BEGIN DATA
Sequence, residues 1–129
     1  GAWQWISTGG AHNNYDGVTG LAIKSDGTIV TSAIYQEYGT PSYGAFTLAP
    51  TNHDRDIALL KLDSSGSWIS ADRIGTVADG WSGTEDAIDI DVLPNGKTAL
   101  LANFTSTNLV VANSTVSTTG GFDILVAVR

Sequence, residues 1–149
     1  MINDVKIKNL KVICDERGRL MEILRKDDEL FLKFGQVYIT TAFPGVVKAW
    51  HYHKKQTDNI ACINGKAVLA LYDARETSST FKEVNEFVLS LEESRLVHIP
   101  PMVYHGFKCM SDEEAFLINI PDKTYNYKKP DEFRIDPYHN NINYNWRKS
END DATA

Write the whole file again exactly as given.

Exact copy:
Sequence, residues 1–129
     1  GAWQWISTGG AHNNYDGVTG LAIKSDGTIV TSAIYQEYGT PSYGAFTLAP
    51  TNHDRDIALL KLDSSGSWIS ADRIGTVADG WSGTEDAIDI DVLPNGKTAL
   101  LANFTSTNLV VANSTVSTTG GFDILVAVR

Sequence, residues 1–149
     1  MINDVKIKNL KVICDERGRL MEILRKDDEL FLKFGQVYIT TAFPGVVKAW
    51  HYHKKQTDNI ACINGKAVLA LYDARETSST FKEVNEFVLS LEESRLVHIP
   101  PMVYHGFKCM SDEEAFLINI PDKTYNYKKP DEFRIDPYHN NINYNWRKS